Orange County Supervisors Act to Settle Suit Challenging
Longtime Outside Attorney for Aviation Issues

SEPTEMBER 20, 2000

The Orange County Board of Supervisors has made it harder for the county to use outside attorneys to defend its plans for a new airport at El Toro, moving to settle a lawsuit alleging that the county's longtime aviation attorney was illegally assigned the cases.

In a closed-door meeting Tuesday, board members unanimously approved a conceptual agreement settling the suit, filed in 1998 by South County cities challenging the hiring of Carlsbad attorney Michael Gatzke. Gatzke has represented the county on aviation matters since 1969.

Under the settlement, the five-member board can hire outside counsel for the airport only on a four-fifths vote. Only three members of the Board of Supervisors support an airport at the closed El Toro Marine base, and the remaining supervisors have vowed to do whatever they can to stop it from being built -- including denying the county the ability to hire an outside attorney to defend itself.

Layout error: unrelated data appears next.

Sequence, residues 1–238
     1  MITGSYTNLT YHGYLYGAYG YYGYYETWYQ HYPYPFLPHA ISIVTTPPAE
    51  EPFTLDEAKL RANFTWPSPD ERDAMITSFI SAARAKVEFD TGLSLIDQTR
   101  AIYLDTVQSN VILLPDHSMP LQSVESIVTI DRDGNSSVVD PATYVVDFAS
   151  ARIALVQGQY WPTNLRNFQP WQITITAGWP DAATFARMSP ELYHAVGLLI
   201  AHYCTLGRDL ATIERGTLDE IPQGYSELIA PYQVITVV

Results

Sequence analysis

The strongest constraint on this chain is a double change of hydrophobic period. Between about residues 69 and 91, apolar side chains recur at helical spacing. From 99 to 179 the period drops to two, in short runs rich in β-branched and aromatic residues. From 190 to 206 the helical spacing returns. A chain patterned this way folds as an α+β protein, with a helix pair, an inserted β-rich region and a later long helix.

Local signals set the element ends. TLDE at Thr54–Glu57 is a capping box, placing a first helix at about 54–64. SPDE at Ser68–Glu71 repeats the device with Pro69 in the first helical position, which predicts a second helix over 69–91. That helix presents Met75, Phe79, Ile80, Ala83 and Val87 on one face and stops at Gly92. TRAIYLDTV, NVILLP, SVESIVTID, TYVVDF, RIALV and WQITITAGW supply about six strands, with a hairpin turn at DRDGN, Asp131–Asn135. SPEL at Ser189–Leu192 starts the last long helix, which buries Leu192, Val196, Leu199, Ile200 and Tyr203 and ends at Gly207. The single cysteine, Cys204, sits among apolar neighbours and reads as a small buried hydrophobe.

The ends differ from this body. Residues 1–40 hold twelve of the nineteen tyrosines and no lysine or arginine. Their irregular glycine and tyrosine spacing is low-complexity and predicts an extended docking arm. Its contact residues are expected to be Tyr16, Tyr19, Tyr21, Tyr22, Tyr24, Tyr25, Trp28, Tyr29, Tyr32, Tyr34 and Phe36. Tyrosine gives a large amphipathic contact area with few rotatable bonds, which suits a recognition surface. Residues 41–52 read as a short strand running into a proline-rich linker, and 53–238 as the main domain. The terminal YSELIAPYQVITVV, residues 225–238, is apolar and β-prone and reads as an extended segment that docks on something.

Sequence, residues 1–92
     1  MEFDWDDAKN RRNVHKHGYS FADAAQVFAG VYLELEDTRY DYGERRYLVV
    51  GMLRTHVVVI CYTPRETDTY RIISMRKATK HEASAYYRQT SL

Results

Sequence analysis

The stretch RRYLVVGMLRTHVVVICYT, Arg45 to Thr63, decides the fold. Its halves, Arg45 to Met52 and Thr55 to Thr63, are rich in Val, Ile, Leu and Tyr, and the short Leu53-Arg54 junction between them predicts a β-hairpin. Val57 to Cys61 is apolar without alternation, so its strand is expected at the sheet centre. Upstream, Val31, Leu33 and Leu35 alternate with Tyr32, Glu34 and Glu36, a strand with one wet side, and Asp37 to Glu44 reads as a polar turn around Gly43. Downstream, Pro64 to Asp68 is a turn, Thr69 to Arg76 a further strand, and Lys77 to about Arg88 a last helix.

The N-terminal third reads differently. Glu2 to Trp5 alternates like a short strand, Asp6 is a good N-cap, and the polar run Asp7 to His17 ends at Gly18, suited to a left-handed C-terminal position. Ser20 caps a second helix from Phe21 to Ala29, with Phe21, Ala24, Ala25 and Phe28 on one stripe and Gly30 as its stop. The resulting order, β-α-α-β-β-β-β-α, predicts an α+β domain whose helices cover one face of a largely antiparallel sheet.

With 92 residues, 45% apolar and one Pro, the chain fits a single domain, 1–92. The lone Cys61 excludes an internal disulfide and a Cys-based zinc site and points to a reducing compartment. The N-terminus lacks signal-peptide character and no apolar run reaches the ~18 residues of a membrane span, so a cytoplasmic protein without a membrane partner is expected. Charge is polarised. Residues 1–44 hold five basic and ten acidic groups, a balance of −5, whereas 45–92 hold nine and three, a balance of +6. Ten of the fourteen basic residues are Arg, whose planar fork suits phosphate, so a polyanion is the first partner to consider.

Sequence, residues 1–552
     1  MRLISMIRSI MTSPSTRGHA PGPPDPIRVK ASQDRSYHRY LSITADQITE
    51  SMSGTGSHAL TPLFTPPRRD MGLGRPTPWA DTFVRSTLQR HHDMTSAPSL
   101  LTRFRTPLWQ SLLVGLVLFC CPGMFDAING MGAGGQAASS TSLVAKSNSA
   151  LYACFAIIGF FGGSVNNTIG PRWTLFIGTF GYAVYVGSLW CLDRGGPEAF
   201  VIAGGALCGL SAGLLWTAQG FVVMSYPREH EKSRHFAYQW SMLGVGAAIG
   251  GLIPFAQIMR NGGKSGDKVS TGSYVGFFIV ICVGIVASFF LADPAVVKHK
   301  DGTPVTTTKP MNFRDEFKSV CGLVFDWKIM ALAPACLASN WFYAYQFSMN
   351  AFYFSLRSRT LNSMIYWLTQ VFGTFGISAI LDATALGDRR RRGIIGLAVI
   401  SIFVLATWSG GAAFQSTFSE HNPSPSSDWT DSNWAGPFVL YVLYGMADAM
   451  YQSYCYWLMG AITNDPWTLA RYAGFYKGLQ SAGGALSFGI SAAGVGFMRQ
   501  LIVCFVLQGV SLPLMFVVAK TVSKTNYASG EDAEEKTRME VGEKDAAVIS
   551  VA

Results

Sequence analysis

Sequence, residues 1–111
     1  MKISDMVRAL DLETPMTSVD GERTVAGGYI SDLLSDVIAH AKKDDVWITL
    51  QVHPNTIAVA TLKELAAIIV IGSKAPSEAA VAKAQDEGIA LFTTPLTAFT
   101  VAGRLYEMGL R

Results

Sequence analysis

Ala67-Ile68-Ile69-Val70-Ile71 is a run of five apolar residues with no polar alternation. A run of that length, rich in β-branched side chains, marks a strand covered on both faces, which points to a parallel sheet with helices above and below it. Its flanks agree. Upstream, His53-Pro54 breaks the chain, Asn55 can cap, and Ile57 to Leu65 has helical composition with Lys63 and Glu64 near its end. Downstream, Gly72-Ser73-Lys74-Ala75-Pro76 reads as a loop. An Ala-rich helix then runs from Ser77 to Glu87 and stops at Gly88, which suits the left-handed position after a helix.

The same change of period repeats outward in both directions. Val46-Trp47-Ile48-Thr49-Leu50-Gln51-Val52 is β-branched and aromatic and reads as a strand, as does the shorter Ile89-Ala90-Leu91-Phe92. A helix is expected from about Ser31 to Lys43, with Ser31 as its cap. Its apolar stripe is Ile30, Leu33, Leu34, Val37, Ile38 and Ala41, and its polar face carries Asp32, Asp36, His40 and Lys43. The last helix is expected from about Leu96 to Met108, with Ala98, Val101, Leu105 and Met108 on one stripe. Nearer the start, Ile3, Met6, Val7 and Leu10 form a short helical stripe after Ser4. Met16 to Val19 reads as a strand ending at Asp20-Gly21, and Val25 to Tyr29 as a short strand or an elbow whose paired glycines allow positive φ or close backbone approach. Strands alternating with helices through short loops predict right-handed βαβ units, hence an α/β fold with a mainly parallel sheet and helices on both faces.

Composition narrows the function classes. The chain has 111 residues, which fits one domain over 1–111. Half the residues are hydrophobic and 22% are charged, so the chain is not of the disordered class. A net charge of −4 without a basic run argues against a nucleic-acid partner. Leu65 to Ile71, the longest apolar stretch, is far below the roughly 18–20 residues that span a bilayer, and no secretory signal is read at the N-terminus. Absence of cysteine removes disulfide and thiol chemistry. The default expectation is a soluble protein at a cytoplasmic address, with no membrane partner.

Beginning in 1994, Gatzke was asked by County Counsel Laurence M. Watson to defend the county against three El Toro lawsuits. When questioned about the hiring in early 1998 by Supervisor Todd Spitzer, Watson said he was given hiring authority by a former Board of Supervisors. However, Spitzer argued that state law requires a vote by supervisors each time private attorneys are hired to handle new cases.

The settlement was approved earlier this month by representatives of the El Toro Reuse Planning Authority, who want the formidable Gatzke precluded from any new El Toro lawsuits.

Spitzer said Gatzke -- who has collected nearly $2 million for his El Toro work -- is too expensive and hasn't kept the county from losing in court. A San Diego County judge has twice ordered the county to recalculate how much air pollution the proposed airport would cause -- additional work that complicated the current environmental review, now about a year away from completion.

"If they want to defend their [new report], they can do it [with an] in-house" attorney, Spitzer said.

Source: Los Angeles Times